Environmental Friday: How to have a sustainable lawn


environmental fridays

Brianna Stanley

At 63,000 kilometers squared, lawns are now the biggest “crop” in America. We spend an estimated 40 billion a year giving our grass a crew-cut, pesticiding the life out of it, and fertilizing it to the detriment of our waterways.

Why? Because perfect, uniform green lawns are as much a symbol of the American dream as apple pie and baseball. Sociobiologists have said that Savannah Syndrome is encoded in our DNA. Lawn care, however, can come at an environmental cost. 

An hour mowing with an average gas-powered push mower is equivalent to the hourly pollution of 11 cars. That comes to 5 percent of the US’s air pollution annually. 

Every year, approximately 70 million pounds of pesticides are applied to U.S. lawns. That’s 10 times the amount applied to American farmland acre for acre. Pesticide poisoning accounts for the deaths of 60-70 million birds per year in the U.S. alone, and the toxic effects on humans are a widely debated concern. 

Fertilizers are another concern. Runoff of nutrients such as nitrogen and phosphorous create optimal conditions for algal blooms and even increase mobility of groundwater uranium. Forty to sixty percent of nitrogen from fertilizers leaks into ground or surface water.

While I’m a proponent of planting wildflowers for pollinators or converting grass areas to gardens, here are some ways in which UK students can care for their lawns or encourage their family to do so sustainably:

Let the grass clippings stay on the lawn after mowing. Clippings are a natural source of slow-release fertilizer and can provide up to 25 percent of fertilizer needs. 

Leave the leaves! The same goes for leaves and other lawn debris which account for 20 percent of all waste materials. 

Mow higher. The “Don’t Bag It” lawn care plan recommends that mowers be set at 2.5 to 3.5 inches. Higher grass produces an efficient root system that needs less water and also “shade outs” many weeds.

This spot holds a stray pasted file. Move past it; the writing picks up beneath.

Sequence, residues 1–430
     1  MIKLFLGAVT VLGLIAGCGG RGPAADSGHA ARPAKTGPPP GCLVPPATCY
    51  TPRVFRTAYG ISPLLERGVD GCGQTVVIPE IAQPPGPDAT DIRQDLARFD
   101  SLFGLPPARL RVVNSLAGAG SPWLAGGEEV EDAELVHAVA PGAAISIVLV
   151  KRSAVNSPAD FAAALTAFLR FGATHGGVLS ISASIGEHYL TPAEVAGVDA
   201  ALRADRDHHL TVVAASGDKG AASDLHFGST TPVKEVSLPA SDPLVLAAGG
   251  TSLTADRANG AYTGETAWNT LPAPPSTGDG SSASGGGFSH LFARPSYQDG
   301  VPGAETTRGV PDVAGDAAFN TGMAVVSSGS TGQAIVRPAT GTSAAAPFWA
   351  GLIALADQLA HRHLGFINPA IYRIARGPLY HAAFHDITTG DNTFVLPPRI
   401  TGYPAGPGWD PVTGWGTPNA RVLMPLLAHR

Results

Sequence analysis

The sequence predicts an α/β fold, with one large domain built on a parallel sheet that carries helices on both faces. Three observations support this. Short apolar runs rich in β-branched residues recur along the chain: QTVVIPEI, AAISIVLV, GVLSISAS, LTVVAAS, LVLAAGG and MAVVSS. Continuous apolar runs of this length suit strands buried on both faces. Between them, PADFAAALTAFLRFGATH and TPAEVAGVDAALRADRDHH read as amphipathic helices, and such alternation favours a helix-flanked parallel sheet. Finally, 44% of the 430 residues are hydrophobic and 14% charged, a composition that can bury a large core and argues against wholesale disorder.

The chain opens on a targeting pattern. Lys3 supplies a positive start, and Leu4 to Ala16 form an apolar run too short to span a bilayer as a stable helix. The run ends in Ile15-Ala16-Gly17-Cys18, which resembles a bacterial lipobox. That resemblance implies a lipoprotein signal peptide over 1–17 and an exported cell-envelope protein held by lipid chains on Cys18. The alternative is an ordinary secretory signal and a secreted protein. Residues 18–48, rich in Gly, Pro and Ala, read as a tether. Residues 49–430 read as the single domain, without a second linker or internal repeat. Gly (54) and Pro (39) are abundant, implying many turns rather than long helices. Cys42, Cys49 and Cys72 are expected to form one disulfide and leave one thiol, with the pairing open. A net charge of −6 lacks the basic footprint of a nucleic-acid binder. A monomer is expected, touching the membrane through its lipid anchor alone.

Use less water. A way to test is by stepping on a grass patch; if it springs back, it doesn’t need water. Also, use rain barrels to collect water for later lawn irrigation.

Use eco-friendly ways to get rid of pests rather than commercial pesticides. 

If you are going to use fertilizers, use slow-release, organic ones and limit fertilizer application. Kentucky has high phosphorous soils so you don’t need any in your fertilizer!

Build a buffer around water ways. Maintain a 10-foot, uncut, “no-maintenance zone.”

Try low maintenance, drought-resistant grass varieties such as Tall Fescue and choose garden plants that are native or thrive without fertilization or irrigation in your area.

This link provides some natural alternatives that help mitigate some of the biggest issues with lawn maintenance, including Crabgrass invasion, patchy grass, grub sightings and bald spots. 

In his entertaining article for the New York Times, Michael Pollan states that lawns are a metaphor and symptom of our “skewed relationship to the land” where we can use “petrochemicals and technology [to] bend nature to our will.” Ultimately, using eco-friendly methods of lawn care will probably result in less of a “perfect” lawn than using many chemical pesticides and fertilizers. However, I think a less perfect lawn is a worthwhile trade for a healthier and safer planet.